Rare condition makes man taste words
London, 6 September 2001

James Wannerton has a rare condition which makes him taste the words he hears or reads.

The 42-year-old from Blackpool tastes Rice Krispies when someone says 'motorcycle' and garibaldi biscuits when the word 'key' is used.

He eats sweets and drinks a lot to help him combat the condition, which is known as synaesthesia.

He told The Mirror: "I used to think it was normal to associate words with taste and thought everyone had it.

"When I recited the Lord's Prayer at school it used to bring all kinds of flavours into my mouth. For instance, the word 'trespass' tastes of bacon.

"I've chosen and dumped girlfriends because of how their names tasted. The name Tracy tastes of flaky pastry. But the name of my current girlfriend, Jannette, is neutral and doesn't taste of anything."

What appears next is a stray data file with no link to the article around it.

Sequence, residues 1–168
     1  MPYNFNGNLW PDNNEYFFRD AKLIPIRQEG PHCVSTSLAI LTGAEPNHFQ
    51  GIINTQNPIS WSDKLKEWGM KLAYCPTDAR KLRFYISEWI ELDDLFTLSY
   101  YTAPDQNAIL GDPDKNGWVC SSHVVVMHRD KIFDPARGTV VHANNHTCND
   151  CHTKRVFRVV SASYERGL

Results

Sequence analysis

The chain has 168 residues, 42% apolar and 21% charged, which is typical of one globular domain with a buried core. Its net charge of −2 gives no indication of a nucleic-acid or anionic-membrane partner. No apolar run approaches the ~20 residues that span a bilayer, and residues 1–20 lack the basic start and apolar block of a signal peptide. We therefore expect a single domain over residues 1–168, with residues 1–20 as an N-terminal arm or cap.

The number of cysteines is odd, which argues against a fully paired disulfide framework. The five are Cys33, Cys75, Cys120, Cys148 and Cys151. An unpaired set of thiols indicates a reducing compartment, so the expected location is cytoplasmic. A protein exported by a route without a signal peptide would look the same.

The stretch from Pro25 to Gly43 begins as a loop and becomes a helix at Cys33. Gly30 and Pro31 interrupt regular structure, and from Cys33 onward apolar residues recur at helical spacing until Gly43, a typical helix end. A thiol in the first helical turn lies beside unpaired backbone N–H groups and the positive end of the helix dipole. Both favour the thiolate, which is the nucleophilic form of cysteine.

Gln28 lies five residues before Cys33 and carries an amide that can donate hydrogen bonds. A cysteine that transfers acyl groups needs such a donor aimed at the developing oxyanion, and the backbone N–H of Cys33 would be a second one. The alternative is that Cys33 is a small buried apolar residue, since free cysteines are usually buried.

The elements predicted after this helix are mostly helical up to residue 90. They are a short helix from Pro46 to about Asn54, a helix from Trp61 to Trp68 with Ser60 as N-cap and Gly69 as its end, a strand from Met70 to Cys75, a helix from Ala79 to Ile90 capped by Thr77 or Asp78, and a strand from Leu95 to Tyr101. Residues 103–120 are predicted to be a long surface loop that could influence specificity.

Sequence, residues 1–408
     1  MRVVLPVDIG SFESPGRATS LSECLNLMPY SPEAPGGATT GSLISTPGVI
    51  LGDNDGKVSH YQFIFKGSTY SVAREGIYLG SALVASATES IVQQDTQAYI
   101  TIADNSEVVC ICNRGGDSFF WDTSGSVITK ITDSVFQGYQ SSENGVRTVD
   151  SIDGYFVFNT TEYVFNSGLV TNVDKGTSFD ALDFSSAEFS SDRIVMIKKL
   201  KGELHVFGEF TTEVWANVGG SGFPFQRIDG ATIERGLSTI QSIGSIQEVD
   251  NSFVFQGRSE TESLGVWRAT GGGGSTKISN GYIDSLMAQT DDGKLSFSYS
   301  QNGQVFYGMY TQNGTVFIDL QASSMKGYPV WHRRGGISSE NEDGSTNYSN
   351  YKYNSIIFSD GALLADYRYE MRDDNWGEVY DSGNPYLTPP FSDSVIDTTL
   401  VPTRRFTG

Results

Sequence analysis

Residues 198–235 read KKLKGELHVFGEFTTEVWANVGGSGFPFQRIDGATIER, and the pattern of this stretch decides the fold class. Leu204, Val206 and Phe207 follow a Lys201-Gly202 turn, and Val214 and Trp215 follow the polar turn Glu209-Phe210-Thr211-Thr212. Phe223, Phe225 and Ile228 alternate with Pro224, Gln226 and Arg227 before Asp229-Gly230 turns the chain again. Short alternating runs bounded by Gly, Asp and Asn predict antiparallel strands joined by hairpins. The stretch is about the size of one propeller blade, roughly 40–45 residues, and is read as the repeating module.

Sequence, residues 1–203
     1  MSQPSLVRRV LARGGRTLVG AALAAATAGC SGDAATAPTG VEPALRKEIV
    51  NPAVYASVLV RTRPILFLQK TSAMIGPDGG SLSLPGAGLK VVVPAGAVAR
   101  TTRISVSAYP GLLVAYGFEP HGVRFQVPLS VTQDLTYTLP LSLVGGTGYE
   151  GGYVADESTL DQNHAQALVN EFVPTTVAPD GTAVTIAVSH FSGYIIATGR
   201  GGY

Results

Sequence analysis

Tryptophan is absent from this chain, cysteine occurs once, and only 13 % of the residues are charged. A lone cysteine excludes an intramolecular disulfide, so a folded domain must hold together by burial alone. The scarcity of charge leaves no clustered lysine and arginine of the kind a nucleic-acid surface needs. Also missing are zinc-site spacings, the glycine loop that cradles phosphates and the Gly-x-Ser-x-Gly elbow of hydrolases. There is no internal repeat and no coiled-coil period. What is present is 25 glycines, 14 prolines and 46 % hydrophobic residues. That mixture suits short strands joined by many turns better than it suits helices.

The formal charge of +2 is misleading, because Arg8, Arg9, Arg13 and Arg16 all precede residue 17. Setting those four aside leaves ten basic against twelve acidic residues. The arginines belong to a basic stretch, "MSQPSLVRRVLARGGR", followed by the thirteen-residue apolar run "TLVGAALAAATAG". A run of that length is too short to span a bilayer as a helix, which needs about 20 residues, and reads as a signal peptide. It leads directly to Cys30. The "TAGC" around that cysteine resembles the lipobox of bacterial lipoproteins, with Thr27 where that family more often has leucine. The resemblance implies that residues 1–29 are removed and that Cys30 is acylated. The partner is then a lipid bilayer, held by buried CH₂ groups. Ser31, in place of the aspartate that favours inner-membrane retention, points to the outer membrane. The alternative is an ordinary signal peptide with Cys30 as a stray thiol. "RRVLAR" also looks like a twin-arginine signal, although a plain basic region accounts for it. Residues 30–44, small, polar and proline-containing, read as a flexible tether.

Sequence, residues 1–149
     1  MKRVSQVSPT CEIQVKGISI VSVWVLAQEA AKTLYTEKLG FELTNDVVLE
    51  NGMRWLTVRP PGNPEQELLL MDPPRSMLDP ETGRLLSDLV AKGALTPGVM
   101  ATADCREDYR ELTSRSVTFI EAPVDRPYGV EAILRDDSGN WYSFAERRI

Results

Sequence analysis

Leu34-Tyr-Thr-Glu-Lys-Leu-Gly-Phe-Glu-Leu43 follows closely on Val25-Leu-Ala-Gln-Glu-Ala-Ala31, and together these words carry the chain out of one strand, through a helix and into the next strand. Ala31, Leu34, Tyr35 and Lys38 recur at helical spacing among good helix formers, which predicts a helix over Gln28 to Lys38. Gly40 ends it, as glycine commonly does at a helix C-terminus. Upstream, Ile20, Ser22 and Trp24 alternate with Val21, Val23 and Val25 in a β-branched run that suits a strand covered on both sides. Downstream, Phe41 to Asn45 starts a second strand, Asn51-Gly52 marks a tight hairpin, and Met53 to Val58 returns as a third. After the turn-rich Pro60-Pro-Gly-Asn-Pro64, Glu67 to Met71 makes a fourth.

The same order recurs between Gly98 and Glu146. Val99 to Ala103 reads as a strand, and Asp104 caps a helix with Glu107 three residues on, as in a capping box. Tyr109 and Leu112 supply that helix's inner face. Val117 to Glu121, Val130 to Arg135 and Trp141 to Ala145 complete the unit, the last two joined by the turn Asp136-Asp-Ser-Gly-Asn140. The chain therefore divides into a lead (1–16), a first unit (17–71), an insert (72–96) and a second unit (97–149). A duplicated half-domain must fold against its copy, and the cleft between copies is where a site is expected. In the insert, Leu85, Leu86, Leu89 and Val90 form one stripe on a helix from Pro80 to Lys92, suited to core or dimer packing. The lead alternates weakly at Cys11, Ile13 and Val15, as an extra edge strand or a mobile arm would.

He added: "Few doctors have heard of synaesthesia. Even if they have, they can't help me. There's no cure."

Ellis Douek, a sense expert from Guy's Hospital, London, said: "We don't understand synaesthesia very well.

"It's very rare but could be linked with memory. These people have an extra link between the brain and taste or smell. Unfortunately, it's not possible to say why it happens and no-one knows which part of the brain is affected."






Maintained by Francis F. Steen, Communication Studies, University of California Los Angeles